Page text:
Does your internal candidate experience match up

Oct 04, 2016

Does your internal candidate experience match up

Today’s best recruiters focus on the candidate experience, and rightly so. Talent is now a seller’s market, and if your candidate experience doesn’t match up, the best talent will walk away. That applies not only to external candidates. If talented employees don’t see a bright future, they will seek it elsewhere.

With business leaders zeroed in on engaging and retaining talent, we pay attention to how internal mobility impacts the employee experience. Hope is a powerful emotion. Rising expectations create positive thinking, which has a direct bearing on engagement and performance.

The Benefits of Internal Hiring

Internal hiring has definite advantages. According to research by Wharton professor Matthew Bidwell,

  1. External hires get higher pay—about 18-20% more.
  2. External hires get lower performance evaluations for their first two years on the job and have higher exit rates.
  3. If they stay more than two years, they get promoted faster than those promoted internally.[1] 


Which is Better: Internal or External Hires?

Sometimes you need external candidates to bring in fresh ideas, add to the skill mix, or build the culture. Sometimes you need a larger talent pool. On the other hand, internal hires lower your risk and get up to speed faster. They also create internal promotion opportunity.

Your hiring strategy requires careful attention to the right mix and for the right reasons. There is no magic ratio for success. It depends on your culture and your needs.

We recommend careful attention to the candidate experience in both channels.

The Current State of Internal Recruiting 


While your recruiters are out in the community building your brand, what is going on in the workplace? Do you have an internal mobility program? Is it embedded in the culture?

LinkedIn’s Global Recruiting Trends 2016 report gives us a snapshot of how strong the commitment is to internal hiring. While only 12% of respondents have no internal hiring program, another 31% have an ad hoc process. Just over a third have structured programs.[2]

Telling employees to look at job postings if they want opportunity is not a structured program. The internal candidate experience starts with the way you manage talent on the job.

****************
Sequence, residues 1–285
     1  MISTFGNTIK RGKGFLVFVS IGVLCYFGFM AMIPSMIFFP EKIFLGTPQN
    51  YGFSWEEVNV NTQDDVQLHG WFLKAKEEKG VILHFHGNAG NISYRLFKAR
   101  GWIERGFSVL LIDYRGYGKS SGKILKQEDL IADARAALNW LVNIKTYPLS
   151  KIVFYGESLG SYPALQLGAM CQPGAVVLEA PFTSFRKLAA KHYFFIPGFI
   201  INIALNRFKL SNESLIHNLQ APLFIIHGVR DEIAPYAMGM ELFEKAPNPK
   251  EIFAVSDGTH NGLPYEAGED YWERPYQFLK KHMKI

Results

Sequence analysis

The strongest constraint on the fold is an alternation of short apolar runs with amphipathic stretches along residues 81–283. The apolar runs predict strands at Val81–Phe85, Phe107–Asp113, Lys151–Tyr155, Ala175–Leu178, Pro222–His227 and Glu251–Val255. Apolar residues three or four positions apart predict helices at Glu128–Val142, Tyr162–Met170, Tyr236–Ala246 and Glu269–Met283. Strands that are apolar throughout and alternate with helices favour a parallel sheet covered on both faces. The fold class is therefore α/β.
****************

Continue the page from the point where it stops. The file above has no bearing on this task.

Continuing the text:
Are Your Managers Engaged?

The trend in performance management is away from annual reviews to frequent developmental conversations between employee and manager. This is where the internal candidate experience starts. If your managers are paying attention to the aspirations of their people, they can help their charges explore possibilities.

Managers may hoard talent, often without being aware of it. No one wants to break up a high-performing team, and no manager we know enjoys replacing his or her top talent.

The antidote to hoarding is a robust succession management program that reaches deep into the organization. Unfortunately, succession plans are not as widespread as we would like. In the 2016 McQuaig Global Talent Recruitment Report, only 51% of respondents said they have a succession plan.

The Need for Rigorous Internal Selection

When an unplanned loss occurs in a critical position you are forced into a choice. You can promote someone who may not be ready or launch a risky and expensive search for an external replacement. It is much better to have well-developed successors in place.

Your internal hiring and succession management should be as rigorous as your external hiring.  Too often, companies base internal promotions on merit rather than potential. Few people are great leaders, and only a small part of the rest can be trained to lead. We need not belabor this thought. Anyone who has been in the workplace more than a month knows what we mean.

Lateral Mobility 

Few people sustain high performance in a single role over an extended time. When work is no longer challenging or stimulating the natural human tendency is to become complacent. Expanding roles can help, but often a new role will revive the spark.



A robust internal hiring program, while it may not be your primary source of talent, has many advantages, including lower cost and higher quality. A more engaged workforce will be more likely to refer candidates. According to recruiters that is the best source of quality candidates.

Pay attention to your internal candidate experience, and it will reward you.


1. "Why External Hires Get Paid More, and Perform Worse, than Internal Staff - Knowledge@ Wharton."  Knowledge@Wharton. May 28, 2012.

2. Abbot, Lydia, Ryan Batty, and Stephanie Bevegni. "Global Recruiting Trends 2016 - LinkedIn." LInkedIn Talent Solutions. 2016


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